Just about every cruise line on the planet visits Australia at one time or another these days, with major lines homeporting ships there.
P&O Australia is the local mainstream cruise line, catering to Australians with cruises from a growing number of ports like Sydney, Brisbane, Melbourne and Fremantle (Perth). In recent years, it has been joined by fellow Carnival Corp. brands like Carnival, Cunard, Holland America Line and Seabourn. also operates four ships at a time in the region during the continent's summer months.
Australians have an additional passion for small-ship and adventure cruising, with domestic brands -- Coral Expeditions, North Star and Captain Cook -- regularly visiting remote regions like the Great Barrier Reef, the Kimberley (in the country's far northwest), Cape York and the Top End. These lines also cruise to, and within, nearby destinations like Papua New Guinea, Indonesia and the Melanesian Islands. Lindblad has based National Geographic Orion in the region.
Crystal, Oceania, Regent, Silversea and P&O World Cruises all have ships arriving typically between December and January, either for a short season of cruises, or on grand Pacific voyages or world cruises. Relatively new additions include Ponant and Azamara.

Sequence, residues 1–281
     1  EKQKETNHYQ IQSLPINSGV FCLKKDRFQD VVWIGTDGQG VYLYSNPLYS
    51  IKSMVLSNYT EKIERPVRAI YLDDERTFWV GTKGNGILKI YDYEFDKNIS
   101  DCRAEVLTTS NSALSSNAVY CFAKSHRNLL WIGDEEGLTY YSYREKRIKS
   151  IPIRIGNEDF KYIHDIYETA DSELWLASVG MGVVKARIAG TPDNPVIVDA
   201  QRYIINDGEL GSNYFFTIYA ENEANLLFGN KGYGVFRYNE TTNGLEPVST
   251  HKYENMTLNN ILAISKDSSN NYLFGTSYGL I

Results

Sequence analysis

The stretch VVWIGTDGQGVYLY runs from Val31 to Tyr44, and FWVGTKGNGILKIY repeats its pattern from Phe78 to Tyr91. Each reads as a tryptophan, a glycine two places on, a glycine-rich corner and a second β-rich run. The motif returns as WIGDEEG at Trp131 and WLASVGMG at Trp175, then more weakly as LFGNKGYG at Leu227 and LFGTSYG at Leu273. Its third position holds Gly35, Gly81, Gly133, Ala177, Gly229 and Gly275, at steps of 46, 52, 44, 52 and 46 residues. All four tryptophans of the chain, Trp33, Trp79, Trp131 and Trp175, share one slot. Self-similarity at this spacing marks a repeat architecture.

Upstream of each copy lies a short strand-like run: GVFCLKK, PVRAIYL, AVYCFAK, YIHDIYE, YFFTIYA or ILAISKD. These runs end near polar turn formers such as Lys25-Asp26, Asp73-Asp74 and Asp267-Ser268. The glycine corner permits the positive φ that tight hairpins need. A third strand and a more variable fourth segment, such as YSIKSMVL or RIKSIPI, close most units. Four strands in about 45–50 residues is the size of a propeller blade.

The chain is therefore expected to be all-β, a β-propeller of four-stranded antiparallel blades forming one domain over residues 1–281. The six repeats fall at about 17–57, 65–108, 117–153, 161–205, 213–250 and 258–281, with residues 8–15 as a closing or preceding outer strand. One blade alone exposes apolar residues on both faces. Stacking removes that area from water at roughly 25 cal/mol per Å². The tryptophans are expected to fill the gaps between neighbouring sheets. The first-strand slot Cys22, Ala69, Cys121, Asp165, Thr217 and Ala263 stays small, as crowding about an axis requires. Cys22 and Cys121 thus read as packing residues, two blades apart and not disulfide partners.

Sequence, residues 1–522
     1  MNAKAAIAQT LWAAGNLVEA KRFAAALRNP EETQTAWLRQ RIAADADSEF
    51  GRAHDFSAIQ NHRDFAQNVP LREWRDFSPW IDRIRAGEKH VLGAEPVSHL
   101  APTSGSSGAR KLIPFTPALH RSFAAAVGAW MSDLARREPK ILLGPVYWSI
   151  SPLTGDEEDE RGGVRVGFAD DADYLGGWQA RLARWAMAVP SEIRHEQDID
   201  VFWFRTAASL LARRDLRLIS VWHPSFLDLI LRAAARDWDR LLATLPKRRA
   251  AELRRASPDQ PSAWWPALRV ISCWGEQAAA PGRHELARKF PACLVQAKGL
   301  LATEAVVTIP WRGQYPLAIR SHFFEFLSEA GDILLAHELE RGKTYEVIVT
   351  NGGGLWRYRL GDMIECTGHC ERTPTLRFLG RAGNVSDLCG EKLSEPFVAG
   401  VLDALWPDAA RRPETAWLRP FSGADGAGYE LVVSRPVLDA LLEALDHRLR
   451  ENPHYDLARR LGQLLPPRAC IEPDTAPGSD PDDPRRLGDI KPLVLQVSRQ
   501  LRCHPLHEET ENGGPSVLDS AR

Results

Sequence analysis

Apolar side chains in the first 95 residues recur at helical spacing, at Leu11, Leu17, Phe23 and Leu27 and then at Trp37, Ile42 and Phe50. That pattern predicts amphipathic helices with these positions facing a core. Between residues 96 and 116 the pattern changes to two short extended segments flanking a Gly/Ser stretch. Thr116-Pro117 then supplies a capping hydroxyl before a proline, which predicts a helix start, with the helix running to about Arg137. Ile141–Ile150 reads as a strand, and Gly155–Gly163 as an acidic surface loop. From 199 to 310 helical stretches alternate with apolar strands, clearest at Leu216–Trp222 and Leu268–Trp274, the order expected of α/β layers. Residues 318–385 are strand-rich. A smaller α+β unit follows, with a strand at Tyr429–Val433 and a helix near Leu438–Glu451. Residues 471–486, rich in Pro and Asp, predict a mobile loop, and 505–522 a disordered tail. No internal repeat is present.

Most Australia cruises focus on destinations that include Noumea (New Caledonia), Port Vila (Vanuatu), Port Denarau (Fiji) or Auckland (New Zealand) with a few occasionally venturing as far as Apia (Samoa), Nuku'alofa (Tonga), Honolulu (Hawaii) and Papeete (Tahiti).
Of the cruises that don't visit international ports, most head north toward the endless sunshine and sand of Queensland, visiting Newcastle, Brisbane, Cairns, and Moreton Island, with some itineraries including a host of evolving destinations like Mooloolaba on Queensland's Sunshine Coast, the Whitsundays and both Port Douglas and Cooktown in far north Queensland.
Sydney offers most of the departures, but Melbourne, Brisbane, Adelaide and increasingly Fremantle (Perth) also feature local stalwart P&O, its ships venturing down to Tasmania and across to South Australia. For locals, the choice of both vessel and destination is expanding rapidly. For visitors, cruising in Australia presents three basic options: to, from and within.